The coronavirus crisis stands to dramatically reshape cities around the world. But the biggest revolutions in urban space may have begun before the pandemic.
There are valid reasons to look at historic crises as moments for dramatic urban change. Nineteenth-century pandemics helped usher in developments in water and sewage systems. And there can be no doubt that, in the immediate future, the economic and demographic health of major cities will suffer enormously.
But if we are to look forward optimistically, we must start by grappling with a difficult pattern: Urban history may be more about continuity through crises than about transformation.
Consider a couple of the defining historical events of the last 100 years. Together, the poverty and violence of the Great Depression and World War II shaped two decades of history and created the contours of international relations for the next 50 years. 12
Historical analogies are a dangerous and difficult game, and the combination of a public health crisis with an economic downturn cautions that they should be deployed carefully. The coronavirus stands to deliver big surprises and innovations in policy, politics and space. But even as an imperfect guide, history suggests one should not wait on a dramatic post-pandemic revolution in urban space. Why?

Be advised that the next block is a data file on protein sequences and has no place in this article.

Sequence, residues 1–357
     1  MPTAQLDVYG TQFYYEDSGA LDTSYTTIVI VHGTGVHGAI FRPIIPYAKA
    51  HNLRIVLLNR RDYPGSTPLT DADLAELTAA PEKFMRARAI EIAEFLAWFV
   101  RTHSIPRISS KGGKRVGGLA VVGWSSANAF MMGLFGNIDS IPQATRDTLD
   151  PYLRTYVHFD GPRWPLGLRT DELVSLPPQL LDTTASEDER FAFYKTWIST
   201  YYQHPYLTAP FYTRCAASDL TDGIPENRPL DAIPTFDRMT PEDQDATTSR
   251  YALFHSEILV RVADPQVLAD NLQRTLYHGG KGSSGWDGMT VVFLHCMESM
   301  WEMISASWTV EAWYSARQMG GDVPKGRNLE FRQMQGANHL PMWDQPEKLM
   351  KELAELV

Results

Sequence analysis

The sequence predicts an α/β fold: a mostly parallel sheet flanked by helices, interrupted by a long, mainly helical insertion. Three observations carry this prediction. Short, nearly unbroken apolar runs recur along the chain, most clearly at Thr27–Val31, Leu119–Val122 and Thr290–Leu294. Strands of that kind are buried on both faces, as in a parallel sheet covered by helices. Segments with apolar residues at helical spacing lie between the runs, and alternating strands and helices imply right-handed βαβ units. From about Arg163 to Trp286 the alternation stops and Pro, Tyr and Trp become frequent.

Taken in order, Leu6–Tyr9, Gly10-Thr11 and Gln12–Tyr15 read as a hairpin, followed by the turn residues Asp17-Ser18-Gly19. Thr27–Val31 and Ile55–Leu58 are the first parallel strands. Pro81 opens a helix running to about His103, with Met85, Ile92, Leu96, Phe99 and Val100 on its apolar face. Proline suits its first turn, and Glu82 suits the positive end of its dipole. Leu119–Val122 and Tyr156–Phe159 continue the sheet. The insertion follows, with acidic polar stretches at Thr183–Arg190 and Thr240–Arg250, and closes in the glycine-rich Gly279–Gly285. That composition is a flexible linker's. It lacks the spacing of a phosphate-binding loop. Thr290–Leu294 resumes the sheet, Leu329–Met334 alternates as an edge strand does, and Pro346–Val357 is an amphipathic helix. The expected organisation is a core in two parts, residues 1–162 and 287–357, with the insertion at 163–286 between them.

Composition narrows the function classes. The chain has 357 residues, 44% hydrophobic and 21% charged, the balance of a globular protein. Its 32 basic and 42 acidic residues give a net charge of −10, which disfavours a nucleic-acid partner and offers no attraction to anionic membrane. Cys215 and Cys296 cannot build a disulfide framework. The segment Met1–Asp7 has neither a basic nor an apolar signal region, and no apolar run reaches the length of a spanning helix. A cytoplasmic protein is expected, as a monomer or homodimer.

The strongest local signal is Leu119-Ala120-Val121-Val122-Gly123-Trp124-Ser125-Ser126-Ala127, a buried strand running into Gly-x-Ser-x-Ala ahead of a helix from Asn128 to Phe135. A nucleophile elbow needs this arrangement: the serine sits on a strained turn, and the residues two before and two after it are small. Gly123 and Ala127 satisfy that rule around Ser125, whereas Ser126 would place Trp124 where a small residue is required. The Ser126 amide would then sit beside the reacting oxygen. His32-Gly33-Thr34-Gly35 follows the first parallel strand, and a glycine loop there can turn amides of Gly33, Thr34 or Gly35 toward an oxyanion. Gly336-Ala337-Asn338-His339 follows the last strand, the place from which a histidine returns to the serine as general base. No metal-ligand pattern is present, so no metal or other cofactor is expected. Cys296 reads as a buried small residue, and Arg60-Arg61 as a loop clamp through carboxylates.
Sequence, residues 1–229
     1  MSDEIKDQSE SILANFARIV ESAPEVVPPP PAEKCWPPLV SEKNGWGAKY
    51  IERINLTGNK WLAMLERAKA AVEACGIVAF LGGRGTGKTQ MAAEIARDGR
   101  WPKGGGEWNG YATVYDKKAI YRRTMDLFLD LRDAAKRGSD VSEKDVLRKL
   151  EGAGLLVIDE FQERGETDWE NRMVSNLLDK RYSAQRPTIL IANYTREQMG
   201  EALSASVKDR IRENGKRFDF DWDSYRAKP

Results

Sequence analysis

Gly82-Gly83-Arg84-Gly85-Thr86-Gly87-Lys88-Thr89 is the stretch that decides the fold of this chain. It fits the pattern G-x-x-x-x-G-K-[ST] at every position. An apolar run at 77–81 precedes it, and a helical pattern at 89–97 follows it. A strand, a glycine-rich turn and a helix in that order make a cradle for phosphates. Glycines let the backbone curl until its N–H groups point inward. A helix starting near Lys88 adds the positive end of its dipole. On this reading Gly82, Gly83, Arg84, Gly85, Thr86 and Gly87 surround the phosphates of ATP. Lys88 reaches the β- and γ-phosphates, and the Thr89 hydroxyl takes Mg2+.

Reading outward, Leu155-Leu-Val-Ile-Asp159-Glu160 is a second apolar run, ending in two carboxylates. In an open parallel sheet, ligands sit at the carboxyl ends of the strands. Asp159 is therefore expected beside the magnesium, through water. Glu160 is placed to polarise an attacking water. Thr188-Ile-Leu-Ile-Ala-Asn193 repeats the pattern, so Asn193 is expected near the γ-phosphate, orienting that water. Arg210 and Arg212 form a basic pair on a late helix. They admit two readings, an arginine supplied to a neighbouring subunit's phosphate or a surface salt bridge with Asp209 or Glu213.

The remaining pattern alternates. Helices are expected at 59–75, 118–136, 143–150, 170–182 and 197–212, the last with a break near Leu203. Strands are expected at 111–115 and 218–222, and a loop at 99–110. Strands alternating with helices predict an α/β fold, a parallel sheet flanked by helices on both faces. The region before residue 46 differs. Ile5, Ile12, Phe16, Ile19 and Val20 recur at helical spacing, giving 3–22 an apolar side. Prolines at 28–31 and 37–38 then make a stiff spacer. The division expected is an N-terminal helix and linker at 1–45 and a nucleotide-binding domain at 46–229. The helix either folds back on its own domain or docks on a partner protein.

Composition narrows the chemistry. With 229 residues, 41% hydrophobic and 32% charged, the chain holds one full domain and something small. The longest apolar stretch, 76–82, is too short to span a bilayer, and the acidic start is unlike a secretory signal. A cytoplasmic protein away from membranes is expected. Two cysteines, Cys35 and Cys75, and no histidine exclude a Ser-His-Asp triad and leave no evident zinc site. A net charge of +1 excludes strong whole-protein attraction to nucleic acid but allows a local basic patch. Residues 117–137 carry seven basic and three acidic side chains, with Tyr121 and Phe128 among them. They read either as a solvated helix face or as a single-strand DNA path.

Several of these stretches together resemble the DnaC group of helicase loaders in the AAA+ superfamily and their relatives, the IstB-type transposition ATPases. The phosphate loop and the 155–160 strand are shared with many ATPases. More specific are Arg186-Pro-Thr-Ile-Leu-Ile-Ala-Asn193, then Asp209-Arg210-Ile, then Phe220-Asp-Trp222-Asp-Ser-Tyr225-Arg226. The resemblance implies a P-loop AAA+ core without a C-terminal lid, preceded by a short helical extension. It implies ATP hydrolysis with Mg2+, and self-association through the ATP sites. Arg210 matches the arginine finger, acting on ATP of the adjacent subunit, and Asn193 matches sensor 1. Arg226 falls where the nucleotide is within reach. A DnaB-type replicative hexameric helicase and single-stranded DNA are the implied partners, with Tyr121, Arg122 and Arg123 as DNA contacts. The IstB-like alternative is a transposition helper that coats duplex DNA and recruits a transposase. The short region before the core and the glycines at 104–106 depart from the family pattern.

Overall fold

- 1. But the urban dimensions of the Modernist movement that did so much to define postwar urban thinking preceded most of that history. Congrès internationaux d'architecture moderne (CIAM) was founded in 1928 and authored its most famous policy statement, the Athens Charter, in 1933. The International Style, with its massive reach in the liberal West after the war, was effectively launched at the Museum of Modern Art in 1932.
- 2. We can also look more recently to the financial crisis of 2008 and 2009. The Great Recession struck economies around the world but failed to radically change the overall trajectory of most urban areas. In China, for example, Shenzhen’s urbanization patterns proceeded. Dubai’s unique urban experiment was not ultimately derailed or radically transformed. Skyscrapers around the world continued upward; wages in cities like Manhattan continued to grow along with inequality. And as Michael Cohen, Robert Neuwirth and others have argued, the downturn of the 2000s favored the informal sector that already defined, and will continue to define, day-to-day commerce in much of the Global South.